WARF: P100286US02

Cleaving Double-Stranded DNA at User-Chosen Sites


Michael Cox, Marielle Eichhorn-Gruenig, James Keck

The Wisconsin Alumni Research Foundation (WARF) is seeking commercial partners interested in developing a method of using the Ref nuclease derived from the bacteriophage P1, in combination with a RecA protein-bound targeting oligonucleotide, to cleave DNA at any desired target sequence.
OVERVIEWRestriction enzymes are used widely to cleave double-stranded DNA. However, a given restriction enzyme can only cleave a DNA molecule at the specific nucleotide sequence that corresponds to the recognition site of the enzyme. Because the number of available restriction enzymes is limited, there are only a limited number of recognition sites at which double-stranded DNA can be cleaved. Additionally, because the recognition sites are generally short and may appear frequently in a DNA molecule, restriction enzymes often cleave DNA at more than one location. A new method of cleaving double-stranded DNA is needed.

The bacterial RecA protein is involved in homologous DNA recombination and DNA repair. RecA forms a filament on single-stranded DNA and then catalyzes strand exchange with double-stranded DNA. Ref (recombinant enhancement function) was identified in 1986 as a bacteriophage P1 protein that stimulated homologous recombination in a RecA-dependent manner.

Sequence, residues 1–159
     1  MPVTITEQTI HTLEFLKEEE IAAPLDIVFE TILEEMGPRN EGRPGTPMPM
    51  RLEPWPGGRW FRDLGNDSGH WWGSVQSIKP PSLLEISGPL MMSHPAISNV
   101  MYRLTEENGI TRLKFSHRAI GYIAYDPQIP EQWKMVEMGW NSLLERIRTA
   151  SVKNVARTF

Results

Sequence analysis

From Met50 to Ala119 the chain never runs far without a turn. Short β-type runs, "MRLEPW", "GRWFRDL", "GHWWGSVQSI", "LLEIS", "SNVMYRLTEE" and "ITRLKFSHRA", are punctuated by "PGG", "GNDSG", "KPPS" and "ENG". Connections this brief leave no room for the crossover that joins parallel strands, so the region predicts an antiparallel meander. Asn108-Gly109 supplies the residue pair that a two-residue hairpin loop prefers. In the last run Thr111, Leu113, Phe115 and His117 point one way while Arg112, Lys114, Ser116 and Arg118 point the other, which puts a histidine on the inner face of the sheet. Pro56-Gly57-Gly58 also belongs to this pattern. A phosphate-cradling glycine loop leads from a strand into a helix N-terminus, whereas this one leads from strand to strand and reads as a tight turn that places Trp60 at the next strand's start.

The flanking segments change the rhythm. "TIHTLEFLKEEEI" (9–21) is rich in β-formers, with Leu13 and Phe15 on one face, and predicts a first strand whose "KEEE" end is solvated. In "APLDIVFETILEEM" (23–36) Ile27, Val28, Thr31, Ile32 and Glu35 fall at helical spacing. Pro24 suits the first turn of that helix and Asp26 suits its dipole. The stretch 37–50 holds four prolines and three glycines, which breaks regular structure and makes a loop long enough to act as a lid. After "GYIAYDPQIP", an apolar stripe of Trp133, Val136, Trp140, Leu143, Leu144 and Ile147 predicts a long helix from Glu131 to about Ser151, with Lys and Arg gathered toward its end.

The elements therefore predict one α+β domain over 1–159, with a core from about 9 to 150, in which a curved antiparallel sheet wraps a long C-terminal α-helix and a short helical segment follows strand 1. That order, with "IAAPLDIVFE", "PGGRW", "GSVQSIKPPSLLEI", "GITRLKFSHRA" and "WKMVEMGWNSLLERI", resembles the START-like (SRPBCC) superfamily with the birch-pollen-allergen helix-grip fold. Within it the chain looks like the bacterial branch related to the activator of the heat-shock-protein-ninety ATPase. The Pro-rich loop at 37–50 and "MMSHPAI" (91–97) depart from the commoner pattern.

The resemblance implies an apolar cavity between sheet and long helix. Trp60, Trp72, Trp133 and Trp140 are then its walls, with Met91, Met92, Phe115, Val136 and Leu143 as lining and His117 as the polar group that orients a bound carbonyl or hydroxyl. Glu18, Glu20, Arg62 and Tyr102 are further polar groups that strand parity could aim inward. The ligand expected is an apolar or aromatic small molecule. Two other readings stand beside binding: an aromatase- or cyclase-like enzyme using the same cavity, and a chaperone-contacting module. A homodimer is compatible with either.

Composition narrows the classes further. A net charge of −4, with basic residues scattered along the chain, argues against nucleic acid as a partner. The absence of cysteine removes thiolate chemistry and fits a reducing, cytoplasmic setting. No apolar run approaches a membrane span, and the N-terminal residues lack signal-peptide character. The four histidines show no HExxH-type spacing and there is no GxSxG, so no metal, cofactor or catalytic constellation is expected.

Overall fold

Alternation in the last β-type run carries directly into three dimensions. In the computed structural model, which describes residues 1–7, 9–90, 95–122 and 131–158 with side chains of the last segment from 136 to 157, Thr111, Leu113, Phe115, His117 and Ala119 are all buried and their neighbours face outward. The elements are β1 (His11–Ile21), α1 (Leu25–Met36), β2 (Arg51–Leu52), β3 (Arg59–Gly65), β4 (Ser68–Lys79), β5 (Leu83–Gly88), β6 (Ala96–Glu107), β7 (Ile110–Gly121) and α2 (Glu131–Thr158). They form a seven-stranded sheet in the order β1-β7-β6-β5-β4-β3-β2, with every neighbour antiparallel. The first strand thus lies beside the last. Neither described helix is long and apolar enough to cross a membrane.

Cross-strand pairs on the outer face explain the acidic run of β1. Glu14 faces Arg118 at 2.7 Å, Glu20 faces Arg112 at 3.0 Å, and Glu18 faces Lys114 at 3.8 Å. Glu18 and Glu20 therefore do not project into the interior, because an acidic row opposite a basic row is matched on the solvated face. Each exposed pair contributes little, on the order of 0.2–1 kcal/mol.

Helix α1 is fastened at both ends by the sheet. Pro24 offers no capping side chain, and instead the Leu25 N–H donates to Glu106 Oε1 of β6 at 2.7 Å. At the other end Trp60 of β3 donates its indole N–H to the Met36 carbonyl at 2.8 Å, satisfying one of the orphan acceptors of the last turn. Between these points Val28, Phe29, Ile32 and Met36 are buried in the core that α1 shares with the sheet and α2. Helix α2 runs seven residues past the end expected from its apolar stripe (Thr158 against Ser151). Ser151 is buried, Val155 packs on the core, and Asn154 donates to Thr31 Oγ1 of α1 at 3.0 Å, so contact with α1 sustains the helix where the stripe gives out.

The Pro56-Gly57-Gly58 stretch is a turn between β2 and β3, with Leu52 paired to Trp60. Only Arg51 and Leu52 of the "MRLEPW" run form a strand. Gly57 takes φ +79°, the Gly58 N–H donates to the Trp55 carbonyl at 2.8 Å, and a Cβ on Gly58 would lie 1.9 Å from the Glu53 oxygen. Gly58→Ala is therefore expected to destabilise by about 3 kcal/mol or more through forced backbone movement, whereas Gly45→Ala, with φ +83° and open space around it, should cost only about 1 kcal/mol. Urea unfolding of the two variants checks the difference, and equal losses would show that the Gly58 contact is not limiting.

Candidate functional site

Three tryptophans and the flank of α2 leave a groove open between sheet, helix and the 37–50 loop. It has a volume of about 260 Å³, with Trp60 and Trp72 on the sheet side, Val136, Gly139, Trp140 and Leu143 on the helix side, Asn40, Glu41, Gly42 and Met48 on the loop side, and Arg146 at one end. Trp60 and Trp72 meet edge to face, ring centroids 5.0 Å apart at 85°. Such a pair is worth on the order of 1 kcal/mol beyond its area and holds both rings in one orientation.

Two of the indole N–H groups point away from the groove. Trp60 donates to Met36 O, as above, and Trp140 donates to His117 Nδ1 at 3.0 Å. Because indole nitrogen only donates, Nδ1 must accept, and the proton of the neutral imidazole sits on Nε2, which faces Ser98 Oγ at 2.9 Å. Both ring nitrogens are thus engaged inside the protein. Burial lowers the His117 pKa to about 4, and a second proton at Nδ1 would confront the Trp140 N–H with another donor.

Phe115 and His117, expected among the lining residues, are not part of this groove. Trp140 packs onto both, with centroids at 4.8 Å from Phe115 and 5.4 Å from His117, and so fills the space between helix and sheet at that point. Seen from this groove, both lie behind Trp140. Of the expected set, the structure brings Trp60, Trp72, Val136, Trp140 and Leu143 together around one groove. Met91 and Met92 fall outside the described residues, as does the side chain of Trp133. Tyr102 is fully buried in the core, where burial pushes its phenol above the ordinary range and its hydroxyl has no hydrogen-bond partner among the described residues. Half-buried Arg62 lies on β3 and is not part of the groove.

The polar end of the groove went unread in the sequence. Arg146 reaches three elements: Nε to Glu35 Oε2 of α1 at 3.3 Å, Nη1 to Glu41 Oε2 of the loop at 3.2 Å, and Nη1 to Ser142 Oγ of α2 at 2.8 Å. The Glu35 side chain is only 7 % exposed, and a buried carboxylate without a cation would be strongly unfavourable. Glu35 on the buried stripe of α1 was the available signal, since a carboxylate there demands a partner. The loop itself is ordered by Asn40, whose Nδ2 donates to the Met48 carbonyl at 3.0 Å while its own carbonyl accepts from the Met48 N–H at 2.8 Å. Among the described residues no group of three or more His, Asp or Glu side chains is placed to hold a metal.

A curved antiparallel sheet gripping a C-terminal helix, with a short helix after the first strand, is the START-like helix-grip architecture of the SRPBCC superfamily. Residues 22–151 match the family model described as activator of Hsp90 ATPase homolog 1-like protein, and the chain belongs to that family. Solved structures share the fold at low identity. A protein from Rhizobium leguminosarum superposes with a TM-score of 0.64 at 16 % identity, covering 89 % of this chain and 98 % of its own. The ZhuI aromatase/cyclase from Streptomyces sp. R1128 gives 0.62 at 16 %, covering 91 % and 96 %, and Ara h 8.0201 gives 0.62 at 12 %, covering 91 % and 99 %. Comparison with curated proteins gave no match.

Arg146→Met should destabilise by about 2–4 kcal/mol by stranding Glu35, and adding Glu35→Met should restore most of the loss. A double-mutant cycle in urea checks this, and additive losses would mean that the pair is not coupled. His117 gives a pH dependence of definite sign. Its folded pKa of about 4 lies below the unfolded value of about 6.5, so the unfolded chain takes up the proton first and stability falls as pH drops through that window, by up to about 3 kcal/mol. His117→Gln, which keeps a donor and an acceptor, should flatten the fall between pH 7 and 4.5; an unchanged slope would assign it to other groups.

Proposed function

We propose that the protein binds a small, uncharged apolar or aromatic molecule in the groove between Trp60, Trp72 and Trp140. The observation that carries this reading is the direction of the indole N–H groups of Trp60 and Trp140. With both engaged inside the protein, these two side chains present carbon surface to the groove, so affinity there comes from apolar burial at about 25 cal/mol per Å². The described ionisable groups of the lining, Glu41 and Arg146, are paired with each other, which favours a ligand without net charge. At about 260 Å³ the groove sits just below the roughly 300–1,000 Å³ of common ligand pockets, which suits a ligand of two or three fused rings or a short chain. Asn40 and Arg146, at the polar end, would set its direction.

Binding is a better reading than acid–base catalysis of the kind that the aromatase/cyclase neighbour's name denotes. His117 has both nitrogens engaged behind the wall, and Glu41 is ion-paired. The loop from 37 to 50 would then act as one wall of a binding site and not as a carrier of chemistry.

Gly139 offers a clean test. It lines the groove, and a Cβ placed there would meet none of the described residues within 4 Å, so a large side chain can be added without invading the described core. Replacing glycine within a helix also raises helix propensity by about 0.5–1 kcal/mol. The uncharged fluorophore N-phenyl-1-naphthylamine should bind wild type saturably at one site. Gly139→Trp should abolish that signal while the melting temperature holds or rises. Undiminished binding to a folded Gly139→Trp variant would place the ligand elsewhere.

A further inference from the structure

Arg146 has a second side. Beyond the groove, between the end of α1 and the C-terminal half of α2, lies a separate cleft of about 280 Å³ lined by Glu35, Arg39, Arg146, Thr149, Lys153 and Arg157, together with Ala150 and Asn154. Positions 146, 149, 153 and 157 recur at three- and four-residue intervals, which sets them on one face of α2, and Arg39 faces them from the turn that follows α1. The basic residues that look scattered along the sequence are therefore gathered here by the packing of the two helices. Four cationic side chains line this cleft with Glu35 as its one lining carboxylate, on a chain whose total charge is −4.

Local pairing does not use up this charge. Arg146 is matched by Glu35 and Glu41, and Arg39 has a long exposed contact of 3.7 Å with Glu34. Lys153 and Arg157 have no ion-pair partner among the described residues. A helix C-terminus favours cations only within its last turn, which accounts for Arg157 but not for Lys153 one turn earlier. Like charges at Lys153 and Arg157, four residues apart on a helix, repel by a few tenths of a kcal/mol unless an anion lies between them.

THE INVENTIONUW–Madison researchers have developed a method of using Ref to cleave double-stranded DNA at any desired target sequence. The researchers determined that Ref is a novel HNH class and RecA-dependent endonuclease. They have shown that Ref, in combination with RecA and a single-stranded DNA targeting oligonucleotide, can specifically cause cleavage of double-stranded DNA at a site complementary to the oligonucleotide.
  • Cleaving double-stranded DNA at user-chosen sites
  • Potentially useful to create gene knockouts in eukaryotic or bacterial cells for use in research
  • Gene therapy
  • Provides a means of cleaving double-stranded DNA at user-chosen sites rather than depending on cleavage at the recognition sites of conventional endonucleases
  • Because the target sequence is much longer than a restriction enzyme recognition site, the DNA molecule likely is only cleaved at one location.
  • Can be used in in vitro, in situ, in vivo or ex vivo applications
For More Information About the Inventors
  • Gruenig M.C., Lu D., Won S.J., Dulberger C.L., Manlick A.J., Keck J.L. & Cox M.M. 2011. Creating Directed Double-Strand Breaks with the Ref Protein: A Novel Reca-Dependent Nuclease from Bacteriophage P1. J. Biol. Chem. 286, 8240-8251. [Epub Dec. 30, 2010]
Contact Information
For current licensing status, please contact Jennifer Gottwald at or 608-960-9854.
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